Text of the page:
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It wasn’t long before the Society branched out beyond the university. For many years, it was the go-to chorus for the Minnesota Orchestra, Boehnke said.
A decade ago, then-artistic director Thomas Lancaster refocused the group on the music of Bach. For starters, Lancaster assembled a small group of professional artists, including musicians who played period instruments. All in all, Lancaster “changed the nature of the group,” he said.
Boehnke, who stepped into the artistic director role in 2007, said he’s tried to build on that, while also finding creative ways to keep the music fresh and relevant.
For example, the group leads daylong workshops for amateur players who are interested in learning a Bach cantata. The Bach Society also has teamed with the jazz trio Framework for some performances. The idea is “not just to put jazz clothes on Bach, but to find out how they can influence each other,” Boehnke said.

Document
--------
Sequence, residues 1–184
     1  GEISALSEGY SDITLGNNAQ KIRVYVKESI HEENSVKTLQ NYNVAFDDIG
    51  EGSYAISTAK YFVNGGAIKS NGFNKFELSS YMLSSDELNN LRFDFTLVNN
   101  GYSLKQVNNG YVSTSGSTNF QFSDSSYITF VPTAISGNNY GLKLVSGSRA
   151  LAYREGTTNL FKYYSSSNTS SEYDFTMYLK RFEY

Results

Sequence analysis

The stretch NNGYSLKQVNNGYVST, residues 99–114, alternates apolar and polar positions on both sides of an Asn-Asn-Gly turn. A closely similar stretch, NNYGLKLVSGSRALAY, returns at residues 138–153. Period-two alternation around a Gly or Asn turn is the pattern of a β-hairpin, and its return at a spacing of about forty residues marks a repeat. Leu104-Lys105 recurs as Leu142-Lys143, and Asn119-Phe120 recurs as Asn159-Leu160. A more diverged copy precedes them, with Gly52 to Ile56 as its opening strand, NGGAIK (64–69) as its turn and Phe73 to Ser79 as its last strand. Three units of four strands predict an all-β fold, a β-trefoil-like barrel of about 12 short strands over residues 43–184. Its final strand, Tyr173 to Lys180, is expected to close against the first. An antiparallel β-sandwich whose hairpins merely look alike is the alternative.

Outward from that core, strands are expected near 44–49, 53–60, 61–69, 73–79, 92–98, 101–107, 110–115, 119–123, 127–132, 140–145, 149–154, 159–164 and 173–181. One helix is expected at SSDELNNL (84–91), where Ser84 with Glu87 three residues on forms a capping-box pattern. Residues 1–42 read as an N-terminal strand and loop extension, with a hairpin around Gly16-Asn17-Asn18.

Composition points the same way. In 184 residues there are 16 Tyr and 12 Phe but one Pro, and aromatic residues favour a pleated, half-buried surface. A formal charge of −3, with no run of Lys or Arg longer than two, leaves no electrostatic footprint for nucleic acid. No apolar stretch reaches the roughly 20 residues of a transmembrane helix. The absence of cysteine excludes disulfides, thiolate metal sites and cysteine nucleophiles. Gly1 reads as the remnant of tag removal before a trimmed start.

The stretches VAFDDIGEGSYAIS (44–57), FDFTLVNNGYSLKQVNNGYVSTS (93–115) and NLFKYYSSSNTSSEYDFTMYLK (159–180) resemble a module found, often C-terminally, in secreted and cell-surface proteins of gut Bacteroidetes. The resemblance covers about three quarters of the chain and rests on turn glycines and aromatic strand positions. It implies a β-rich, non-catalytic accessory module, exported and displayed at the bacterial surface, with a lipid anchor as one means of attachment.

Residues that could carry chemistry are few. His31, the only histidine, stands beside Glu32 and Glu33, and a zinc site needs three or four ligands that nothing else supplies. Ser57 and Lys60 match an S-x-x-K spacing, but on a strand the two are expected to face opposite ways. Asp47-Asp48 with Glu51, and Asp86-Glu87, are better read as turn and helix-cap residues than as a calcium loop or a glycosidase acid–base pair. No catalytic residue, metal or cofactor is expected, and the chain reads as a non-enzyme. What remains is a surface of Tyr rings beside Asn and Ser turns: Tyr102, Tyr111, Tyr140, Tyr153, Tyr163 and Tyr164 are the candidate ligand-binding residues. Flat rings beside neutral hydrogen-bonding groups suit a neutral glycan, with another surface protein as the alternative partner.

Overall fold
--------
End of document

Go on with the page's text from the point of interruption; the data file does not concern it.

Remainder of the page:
Steve Staruch, a classical music radio host for MPR who is playing his viola in the Bach Society’s upcoming holiday concert, said it’s that level of professionalism that keeps him involved with the group.
As a freelance musician, there’s often a “heat and serve,” mentality, where “You go do the gig and then you’re done,” he said.
But Boehnke has helped the players to coalesce as a group. He’s been “very good at trying to raise the level of performance and commitment among the period-instrument players,” Staruch said.
When players are called to do a job, “They know they’re making music at a very high level,” he said.
Anna Pratt is a Twin Cities freelance writer.